The Fed cutting rates too early risks sparking a worst-case scenario of resurgent inflation, 'The Big Short' investor Steve Eisman says

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The Fed cutting rates too early risks sparking a worst-case scenario of resurgent inflation, 'The Big Short' investor Steve Eisman says
Reuters/ Jessica Rinaldi
  • The best thing the Fed can do right now is nothing, according to Steve Eisman.
  • The investor of "The Big Short" fame said inflation could rise if the Fed cuts rates too early.
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The best thing the Fed can do right now is nothing, because cutting interest rates too early risks sparking a "worst-case" scenario, according to "The Big Short" investor Steve Eisman.

Speaking to Bloomberg on Wednesday, Eisman pushed back against the idea that Fed rate cuts should be imminent. He warned that lowering rates now would risk reigniting inflation, which would be worse than if rates remained higher for longer.

"I think the Fed should do nothing," Eisman said. "The economy is good. Why would you? "

The Fed should wait until at least June to consider rate cuts, Eisman said. He pointed to the stagflation crisis in the early 1980s, when central bankers made the mistake of easing monetary policy too soon. That caused inflation to skyrocket past 14% in 1980, while effective interest rates in the economy notched 19% the following year.

"The best thing to do would be to pat yourself on the back, declare victory, and say we're completely data-dependent. And if things start to weaken a little bit, they can always cut rates. Otherwise, do nothing," Eisman said.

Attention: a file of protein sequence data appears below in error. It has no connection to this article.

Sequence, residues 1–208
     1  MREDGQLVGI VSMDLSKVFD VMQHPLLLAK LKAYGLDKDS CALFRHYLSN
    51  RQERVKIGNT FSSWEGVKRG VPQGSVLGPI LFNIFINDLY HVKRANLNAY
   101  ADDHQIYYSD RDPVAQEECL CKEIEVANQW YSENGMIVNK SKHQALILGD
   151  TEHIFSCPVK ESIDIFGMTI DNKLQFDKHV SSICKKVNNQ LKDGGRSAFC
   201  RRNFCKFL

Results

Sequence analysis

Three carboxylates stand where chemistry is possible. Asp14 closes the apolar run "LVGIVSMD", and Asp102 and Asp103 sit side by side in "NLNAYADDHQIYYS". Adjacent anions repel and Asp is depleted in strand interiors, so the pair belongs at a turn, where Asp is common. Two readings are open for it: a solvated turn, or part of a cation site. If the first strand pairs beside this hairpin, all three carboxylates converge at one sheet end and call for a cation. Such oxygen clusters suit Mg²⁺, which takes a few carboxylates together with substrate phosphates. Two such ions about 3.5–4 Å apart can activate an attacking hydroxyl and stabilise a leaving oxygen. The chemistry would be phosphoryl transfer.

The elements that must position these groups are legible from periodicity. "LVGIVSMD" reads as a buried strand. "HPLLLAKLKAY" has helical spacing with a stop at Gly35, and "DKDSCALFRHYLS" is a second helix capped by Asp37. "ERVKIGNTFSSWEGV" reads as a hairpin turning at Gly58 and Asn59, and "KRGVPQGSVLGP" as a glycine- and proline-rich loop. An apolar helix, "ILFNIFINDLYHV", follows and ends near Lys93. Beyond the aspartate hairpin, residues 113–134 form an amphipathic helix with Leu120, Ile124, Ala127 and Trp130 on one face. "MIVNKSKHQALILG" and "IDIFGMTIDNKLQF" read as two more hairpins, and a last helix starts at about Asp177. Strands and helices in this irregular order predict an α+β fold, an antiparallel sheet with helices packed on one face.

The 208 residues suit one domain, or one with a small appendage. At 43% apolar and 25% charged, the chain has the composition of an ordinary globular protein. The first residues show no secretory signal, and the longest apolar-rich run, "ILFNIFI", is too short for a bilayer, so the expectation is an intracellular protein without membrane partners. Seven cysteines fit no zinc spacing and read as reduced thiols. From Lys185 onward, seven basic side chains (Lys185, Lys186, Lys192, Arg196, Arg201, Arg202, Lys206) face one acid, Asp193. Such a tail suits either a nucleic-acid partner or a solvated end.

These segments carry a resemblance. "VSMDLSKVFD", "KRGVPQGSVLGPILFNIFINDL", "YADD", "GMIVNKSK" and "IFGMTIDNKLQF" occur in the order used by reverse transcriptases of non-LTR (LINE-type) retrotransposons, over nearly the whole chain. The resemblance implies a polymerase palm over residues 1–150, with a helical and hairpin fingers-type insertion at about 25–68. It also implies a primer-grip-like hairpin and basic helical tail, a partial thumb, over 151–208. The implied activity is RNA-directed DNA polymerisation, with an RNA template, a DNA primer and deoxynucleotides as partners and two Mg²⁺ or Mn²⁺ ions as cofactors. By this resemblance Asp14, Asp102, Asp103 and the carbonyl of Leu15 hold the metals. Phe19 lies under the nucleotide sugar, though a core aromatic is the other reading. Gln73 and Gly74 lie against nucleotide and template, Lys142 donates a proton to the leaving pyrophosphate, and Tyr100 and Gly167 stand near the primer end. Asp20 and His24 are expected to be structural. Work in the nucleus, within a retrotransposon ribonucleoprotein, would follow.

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The Fed has been fighting inflation since March 2022, when central bankers began their campaign to aggressively raise interest rates and tighten financial conditions. Rates are now hovering at their highest levels since 2001 — but inflationary pressures still linger in the economy, commentators have warned, with consumer prices rising a hotter-than-expected 3.1% in January.

Fed officials have said they aren't poised to cut interest rates until they're more confident inflation will return to the 2% price target. Most central bankers see the risk of cutting rates too early, according to the minutes of the Fed's January policy meeting.

But the average investor seems content to blow past these warning signs. Markets are still pricing in a 43% chance the Fed could cut rates by at least 100 basis points by the end of the year, according to the CME FedWatch tool — higher than the 75 basis-points the Fed has officially projected for the year.

Investors are likely to be disappointed by the size and rate cuts this year, Deutsche Bank warned in a recent. note. Eisman has also warned of investor disappointment to come this year, given that markets are "too fricking happy" and exuberant over the recent rally in stocks.

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